For those of you who haven’t caught on yet, this is part 3 in my efforts to follow along with Darcy’s photography clinic over at my3boybarians.com. The twist I’m putting on it is focusing specifically on how I did the assignment on my “new-ish” Nikon D5000.
Today’s assignment was aperture. If you haven’t learned about aperture or still aren’t quite sure how it works please go over to her blog and read her explanation – it’s great.
So for this one I camera selection mode dial was set to “A”. You could technically go with the M mode like we did for Shutter Speed and use the combo of the Aperture control button and the Command Dial but I decided to stick with the A mode and let the camera adjust the shutter speed as I went.
When you’re in the A mode the command dial changes the aperture and it’s displayed on the information screen both numerically and with that great little graphic.
One of the things that makes aperture hard to remember how to adjust is the numbers work in the opposite direction than you think they should. Kind of like steering a boat using a rudder, you move left to turn right. Well with aperture you have that whole the lower the number the bigger the opening thing going… which frankly I have trouble keeping straight.
That’s where the D5000 circle information graphic comes in handy again. You can see the animation of the aperture getting bigger (wider) or smaller as you turn the dial. The bigger the opening, the shallower the depth of field aka fuzzy stuff (bokeh but who really wants to say that right?). Big opening = Fuzzy Background. That’s what you have to remember.
So I used my favorite Halloween Decorations as my subject today.
At f5.6 you can see the orange candle holder is slightly blurry and there is plenty of blur on the chair behind. At double that (f10.0) the candle has come into focus more but the chair is still a bit fuzzy. By the time I got to f32.0 the whole picture was in focus.
Here’s a larger version of #1
Of all the settings I probably play with aperture the most. I love the fuzz. Flower fuzz is probably one of my favorites.
After 4 years of being hauled all over town to ball parks and being made to sit and entertain herself while ignoring her sister’s countless softball games, Fuzzy Head finally had her day yesterday.
Clearly she wasn’t ignore everything ‘cause check out that batting stance! She hit off the pitch two of her three at bats. (meaning she only had to go to the tee once for those of you not in the softball know) Which is awesome for your first game ever! She even made one of the few none force outs by fielding the ball and tagging the runner while playing 2nd base. Is it too early to call her a natural? Ya think?
Couple of things she would have you know…
She has invented what will here-to-fore be known as Helmet Bling. Leave it to Fuzzy Head to find a way to make the game her own. Rhinestones and Glitter Letters became an immediate rage with the t-ball set … I’m wondering if we can get Hobby Lobby to sponsor the team! LOL
Just a reminder: I’m working my way through the 31 Days To A Better Photo clinic over at my3boybarians.com but focusing (get it, focusing, Ganuf) on how to do it specifically on the D5000. The camera is “newish” to me, I’ve had it since January and my an amazing new 18-200mm VRII lens to use as my primary lens. So my goal is to get to know my camera better and get used to this new lens.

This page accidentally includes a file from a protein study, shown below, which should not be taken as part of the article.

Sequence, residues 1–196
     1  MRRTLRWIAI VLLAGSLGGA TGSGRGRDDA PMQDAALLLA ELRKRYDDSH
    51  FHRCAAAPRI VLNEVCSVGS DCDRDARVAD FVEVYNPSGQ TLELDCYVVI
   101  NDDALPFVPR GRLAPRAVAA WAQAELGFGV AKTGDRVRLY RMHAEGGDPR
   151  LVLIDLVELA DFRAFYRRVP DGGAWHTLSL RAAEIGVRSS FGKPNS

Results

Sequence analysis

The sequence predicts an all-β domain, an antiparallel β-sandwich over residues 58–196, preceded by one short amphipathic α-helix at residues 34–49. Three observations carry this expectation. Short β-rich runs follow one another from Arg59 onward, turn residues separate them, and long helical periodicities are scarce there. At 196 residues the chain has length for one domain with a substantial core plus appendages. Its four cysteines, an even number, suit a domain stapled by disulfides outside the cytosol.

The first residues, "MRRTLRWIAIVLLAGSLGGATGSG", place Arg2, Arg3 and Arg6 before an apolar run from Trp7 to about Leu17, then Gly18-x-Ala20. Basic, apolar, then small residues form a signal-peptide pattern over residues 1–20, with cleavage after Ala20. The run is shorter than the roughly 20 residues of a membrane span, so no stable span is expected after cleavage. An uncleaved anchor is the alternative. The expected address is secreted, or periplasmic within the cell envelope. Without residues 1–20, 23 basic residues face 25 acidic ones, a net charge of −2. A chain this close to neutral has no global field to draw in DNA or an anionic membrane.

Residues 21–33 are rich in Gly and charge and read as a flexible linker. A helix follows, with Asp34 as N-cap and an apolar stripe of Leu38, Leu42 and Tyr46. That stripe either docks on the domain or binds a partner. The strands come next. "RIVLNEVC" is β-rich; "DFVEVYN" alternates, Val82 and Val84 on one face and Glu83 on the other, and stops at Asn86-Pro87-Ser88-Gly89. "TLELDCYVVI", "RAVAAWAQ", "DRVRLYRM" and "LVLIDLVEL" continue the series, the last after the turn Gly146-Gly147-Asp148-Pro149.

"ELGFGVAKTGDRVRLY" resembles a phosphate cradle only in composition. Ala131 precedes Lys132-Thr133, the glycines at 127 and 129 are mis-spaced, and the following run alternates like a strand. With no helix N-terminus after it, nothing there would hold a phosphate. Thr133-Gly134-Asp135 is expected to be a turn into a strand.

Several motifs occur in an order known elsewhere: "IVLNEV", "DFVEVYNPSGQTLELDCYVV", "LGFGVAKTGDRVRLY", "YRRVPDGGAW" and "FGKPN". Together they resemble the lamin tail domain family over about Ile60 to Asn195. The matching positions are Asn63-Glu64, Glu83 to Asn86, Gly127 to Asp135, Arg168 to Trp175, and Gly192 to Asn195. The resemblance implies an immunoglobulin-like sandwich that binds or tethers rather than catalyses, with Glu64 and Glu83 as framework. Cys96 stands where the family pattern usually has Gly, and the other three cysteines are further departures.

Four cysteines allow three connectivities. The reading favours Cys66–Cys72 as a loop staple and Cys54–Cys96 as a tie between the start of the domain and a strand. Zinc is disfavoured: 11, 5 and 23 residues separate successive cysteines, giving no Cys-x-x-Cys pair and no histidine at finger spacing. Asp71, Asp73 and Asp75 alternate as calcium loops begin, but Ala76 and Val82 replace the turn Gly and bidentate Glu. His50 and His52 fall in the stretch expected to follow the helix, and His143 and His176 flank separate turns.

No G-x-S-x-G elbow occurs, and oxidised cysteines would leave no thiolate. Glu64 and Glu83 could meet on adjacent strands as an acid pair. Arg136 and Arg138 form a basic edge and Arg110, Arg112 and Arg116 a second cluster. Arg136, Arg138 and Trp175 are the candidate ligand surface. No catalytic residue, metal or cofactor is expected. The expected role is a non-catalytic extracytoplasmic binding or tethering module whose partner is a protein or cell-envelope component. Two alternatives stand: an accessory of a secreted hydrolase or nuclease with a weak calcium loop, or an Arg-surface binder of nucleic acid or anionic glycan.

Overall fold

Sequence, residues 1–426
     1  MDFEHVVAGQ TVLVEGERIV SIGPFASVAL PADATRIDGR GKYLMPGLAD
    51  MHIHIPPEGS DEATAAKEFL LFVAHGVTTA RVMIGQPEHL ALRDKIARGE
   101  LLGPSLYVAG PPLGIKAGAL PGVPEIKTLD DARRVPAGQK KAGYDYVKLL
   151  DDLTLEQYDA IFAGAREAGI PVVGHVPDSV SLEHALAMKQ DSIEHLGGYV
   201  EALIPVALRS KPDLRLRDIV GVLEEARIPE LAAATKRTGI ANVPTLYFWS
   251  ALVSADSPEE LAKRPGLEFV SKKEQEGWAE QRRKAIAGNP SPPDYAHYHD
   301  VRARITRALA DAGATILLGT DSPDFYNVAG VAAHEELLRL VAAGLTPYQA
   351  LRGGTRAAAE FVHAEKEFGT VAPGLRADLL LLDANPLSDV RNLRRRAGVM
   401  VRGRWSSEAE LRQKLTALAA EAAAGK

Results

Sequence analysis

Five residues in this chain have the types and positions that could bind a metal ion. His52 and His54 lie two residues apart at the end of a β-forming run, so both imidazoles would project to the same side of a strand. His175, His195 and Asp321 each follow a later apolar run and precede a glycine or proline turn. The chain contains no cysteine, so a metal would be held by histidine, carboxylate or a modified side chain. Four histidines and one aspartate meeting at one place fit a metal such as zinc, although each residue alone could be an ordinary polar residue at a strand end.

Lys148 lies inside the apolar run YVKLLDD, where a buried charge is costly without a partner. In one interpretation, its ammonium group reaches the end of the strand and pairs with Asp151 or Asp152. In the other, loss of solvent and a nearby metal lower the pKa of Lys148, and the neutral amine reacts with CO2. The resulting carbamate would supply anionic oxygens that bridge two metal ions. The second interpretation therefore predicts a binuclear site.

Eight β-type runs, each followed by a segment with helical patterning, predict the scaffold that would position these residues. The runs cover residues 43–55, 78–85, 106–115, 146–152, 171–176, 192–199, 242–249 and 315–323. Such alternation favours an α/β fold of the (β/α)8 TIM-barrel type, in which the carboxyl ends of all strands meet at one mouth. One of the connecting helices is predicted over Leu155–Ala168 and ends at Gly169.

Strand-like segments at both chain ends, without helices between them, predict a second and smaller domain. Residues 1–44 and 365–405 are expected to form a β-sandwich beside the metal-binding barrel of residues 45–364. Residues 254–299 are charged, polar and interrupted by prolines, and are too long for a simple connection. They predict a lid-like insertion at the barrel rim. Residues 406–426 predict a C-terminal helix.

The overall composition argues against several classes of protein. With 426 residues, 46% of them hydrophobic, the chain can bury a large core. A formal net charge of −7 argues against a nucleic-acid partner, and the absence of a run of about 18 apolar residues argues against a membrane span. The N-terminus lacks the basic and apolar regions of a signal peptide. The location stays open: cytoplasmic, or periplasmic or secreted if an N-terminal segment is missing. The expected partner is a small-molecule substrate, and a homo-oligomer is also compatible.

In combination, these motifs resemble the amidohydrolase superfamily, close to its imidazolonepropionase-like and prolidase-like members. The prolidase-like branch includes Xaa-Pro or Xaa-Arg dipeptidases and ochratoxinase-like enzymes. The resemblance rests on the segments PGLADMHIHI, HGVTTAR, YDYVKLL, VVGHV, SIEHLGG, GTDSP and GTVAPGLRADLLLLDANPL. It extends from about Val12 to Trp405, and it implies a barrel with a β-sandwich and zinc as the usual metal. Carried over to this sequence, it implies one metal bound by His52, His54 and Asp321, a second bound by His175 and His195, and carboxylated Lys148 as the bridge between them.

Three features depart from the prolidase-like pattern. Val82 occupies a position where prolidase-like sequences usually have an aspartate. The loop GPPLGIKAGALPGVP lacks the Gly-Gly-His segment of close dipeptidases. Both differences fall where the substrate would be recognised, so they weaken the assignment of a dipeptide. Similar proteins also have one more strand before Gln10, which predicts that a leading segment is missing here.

So 4 was ISO. ISO happens to be the one thing I ever learned to play with on my old D50. In searching for a way to improve my daughter’s indoor basketball photos I stumbled across ISO and learned that make some quick adjustments on the fly did a lot for those pictures. If you don’t understand ISO or want to learn more please visit Darcy’s blog and read the ISO Entry then come back here and I’ll talk about how I worked her clinic on my camera.
On the D50 it was easy to quickly adjust by pushing a button next to the display and turning the command dial so of course when I got my D5000 tried the same thing. No go. That button combo didn’t do the same thing. It didn’t work the same way and I could not find a similar substitution.
Adjusting the ISO on the D5000 involved firing up the information panel. Navigating around the screen, going into a menu and then choosing a setting. What a pain, so I left it on “Auto” mode and let the camera choose it’s ISO setting from then on.
Knowing I was going to write this and not wanting to look like fool I went back to the manual (the PDF version) and searched the term ISO. By doing this I found ALL the places that ISO was discussed in the manual not just the one I read before I got bored and wanted to go take pictures.
What I learned was that I could program the FN button on the front/side to work the same way as the old method on the D50. By default it’s the timer button and I think in reading the paper manual the first thing I came across that it could be switched to was burst mode adjustments and I did that.
So the first take away here for me was – search the PDF version of your manual when you want to look a particular topic. It’s a quick and less painful way to isolate your particular subject. If you want to know more about what the FN button can be programmed for look at page 163 in the manual.
Before I go any further I will mention that the menu system for adjusting the ISO on the D5000 is really nice though if you have the time and energy to navigate to it. It on that left column in the information menu.
Once in the ISO menu it’s self you can scroll up and down the various speeds and there will be a little pictures displaying the kinds of subjects that work well at that speed. For example at 300 there is a picture of a guy on a jet ski but on 1600 the picture is of someone playing a piano in a concert hall. The ISO range is 200 to 3200 but there are some Lo and Hi setting that simulate as low as 160 and as high as 6400.
Okay so are you bored to death yet?
I was, so me and my newly reprogrammed FN button went back outside to the fountain. I started at 200 and doubled up each time until I reached 3200. Then for fun I tried the Hi2 which simulated 4000. Spun the cameral to auto and let it have it’s way, it chose 320.
The one at 1000 turned out to be my favorite